-Sequence picture schedules: This is used with 2 or more pictures with empty boxes above.  Then the child or parent puts them in order of what activities they will perform first, second, and third.

-Strip picture schedules:  The most common ones are steps to completing potty training, hand washing, getting dressed, etc. There is a series of pictures on a strip and after each step has been completed on they take off the picture on the strip.

-Checklist picture schedules: For this picture schedule, there is a list of pictures that are put down vertically.  Then there is an empty box next to each picture.  This is helpful for morning chores, shopping list, steps to be successful in a store or in a restaurant.
You can make a picture schedule for almost any task, chore, schedule.

Who creates the picture schedule?
-Occupational Therapist
-Speech therapists
-Behavior Coaches

Steps to be successful:
-Be consistent. Use it religiously.
-Break down each task to individual steps.
-Make it positive   

Leah Peeler COTA/L

Schkidules Picture Schedules  

 Visual Schedules are positive behavioral supports that use pictures to communicate a sequence of events to a child. Children are visual learners and can navigate the world around them better when they can see what you are telling them. Picture schedules help to put the child and the adult on the SAME PAGE with better communication, organization and predictability. Because of this, they are known to reduce stress, build confidence, improve self management and increase compliant behavior.

 Visual Schedules are very popular in classrooms and day cares. SchKIDules offers both individual sized and larger group sized magnets and displays so whether you need one for just one student or to guide your whole class, we’ve got what you need. Our all magnetic design comes with colorful popular school activities as well as activities for kids in special education classes and activities

 Need a little help with morning or bedtime routines? Have a “type A” toddler or a child who frequently engages in power struggles? If you answered “yes”, a visual schedule may be the solution to taking those struggles down a few notches. Not only do children comprehend better with pictures, but you’ll be surprised just how much less you have to repeat yourself when you’ve got a kid-friendly, simple to follow, picture based instruction board doing it for you.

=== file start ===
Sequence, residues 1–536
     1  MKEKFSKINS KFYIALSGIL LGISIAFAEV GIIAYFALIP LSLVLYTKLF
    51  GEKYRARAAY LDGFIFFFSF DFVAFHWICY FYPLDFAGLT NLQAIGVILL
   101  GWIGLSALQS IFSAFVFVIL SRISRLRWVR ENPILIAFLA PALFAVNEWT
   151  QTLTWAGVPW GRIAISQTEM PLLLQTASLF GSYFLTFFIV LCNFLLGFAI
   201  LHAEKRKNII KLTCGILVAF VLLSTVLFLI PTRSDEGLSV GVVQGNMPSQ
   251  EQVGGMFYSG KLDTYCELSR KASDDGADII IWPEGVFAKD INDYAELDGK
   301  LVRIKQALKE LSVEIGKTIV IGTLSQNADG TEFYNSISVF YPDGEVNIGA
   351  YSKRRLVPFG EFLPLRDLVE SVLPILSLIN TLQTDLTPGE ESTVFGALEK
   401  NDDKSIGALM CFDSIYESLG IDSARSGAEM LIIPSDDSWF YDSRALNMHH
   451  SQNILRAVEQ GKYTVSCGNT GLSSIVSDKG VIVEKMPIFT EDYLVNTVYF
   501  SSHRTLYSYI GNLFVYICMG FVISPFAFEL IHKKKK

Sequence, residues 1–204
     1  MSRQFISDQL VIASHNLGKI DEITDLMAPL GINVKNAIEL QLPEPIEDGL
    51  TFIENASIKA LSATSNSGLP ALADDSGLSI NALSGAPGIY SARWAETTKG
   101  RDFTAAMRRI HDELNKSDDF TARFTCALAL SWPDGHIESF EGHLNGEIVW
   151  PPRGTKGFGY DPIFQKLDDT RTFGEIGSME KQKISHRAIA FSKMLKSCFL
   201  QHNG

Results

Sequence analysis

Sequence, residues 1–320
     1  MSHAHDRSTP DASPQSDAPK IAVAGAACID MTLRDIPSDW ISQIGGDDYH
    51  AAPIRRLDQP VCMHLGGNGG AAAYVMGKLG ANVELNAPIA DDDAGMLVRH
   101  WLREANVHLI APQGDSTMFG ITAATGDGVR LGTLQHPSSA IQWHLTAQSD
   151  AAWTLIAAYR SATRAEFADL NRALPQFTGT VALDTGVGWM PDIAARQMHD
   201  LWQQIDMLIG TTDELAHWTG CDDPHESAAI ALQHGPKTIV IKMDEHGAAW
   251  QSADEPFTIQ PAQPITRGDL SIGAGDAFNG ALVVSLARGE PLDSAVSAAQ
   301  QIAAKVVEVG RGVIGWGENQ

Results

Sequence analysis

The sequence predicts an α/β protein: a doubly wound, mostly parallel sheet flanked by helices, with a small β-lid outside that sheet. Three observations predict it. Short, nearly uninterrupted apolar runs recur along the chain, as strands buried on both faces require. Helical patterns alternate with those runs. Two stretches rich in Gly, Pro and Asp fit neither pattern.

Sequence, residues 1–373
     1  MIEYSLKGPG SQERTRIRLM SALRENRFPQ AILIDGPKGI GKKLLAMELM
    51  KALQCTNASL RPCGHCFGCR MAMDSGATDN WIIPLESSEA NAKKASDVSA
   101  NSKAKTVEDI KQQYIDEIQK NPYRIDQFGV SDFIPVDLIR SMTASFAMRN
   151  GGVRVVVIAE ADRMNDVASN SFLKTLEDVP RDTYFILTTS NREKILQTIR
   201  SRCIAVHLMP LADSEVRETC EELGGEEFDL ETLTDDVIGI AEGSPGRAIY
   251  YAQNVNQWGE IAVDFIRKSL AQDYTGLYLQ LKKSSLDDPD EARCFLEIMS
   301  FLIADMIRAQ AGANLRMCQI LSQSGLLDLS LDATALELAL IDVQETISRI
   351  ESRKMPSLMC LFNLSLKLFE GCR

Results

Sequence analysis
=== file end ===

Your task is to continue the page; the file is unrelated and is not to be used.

Visual Schedules can be especially helpful if your child has a diagnosis like Autism, Asperger's, or even ADHD. Chances are you’ve seen your child use one at school and your teacher or therapist has recommended implementing one at home.  The problem is, it’s not an easy task.  Locating, printing, cutting, and laminating all the pictures, followed by figuring out how to display them on a board is a lot of work.  Our all magnetic, ready to go, customized system is not only good looking and easy to use, but has no distracting velcro dots or strips and offers a clean slate surface that can be easily changed as your child develops.


Special Learning Social Stories  

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 Teach your child about interrupting with our unique Interrupting Social Story Set, designed for parents and teachers working with children with special needs. Social stories are short illustrated books that ...


 Social Story Curriculum Mega Bundle (25 Individual Titles)


 Our Social Story Mega Bundle contains 25 individual Social Stories that teach basic skills that children need in home, school and community settings. Teach your child some of life's most basic social skills with this complete tool kit that contains social stories, coloring books, social rule cards and a full instructional guide for teaching basic social skills.


 Brushing Teeth Girl Visual Schedule
“Brushing Teeth” Visual Schedule
Does your child have trouble brushing their teeth independently?
Does he or she have trouble remembering what step is next in the process?

 Brushing Teeth Boy Visual Schedule
“Brushing Teeth” Visual Schedule
Does your child have trouble brushing their teeth independently?
Does he or she have trouble remembering what step is next in the process?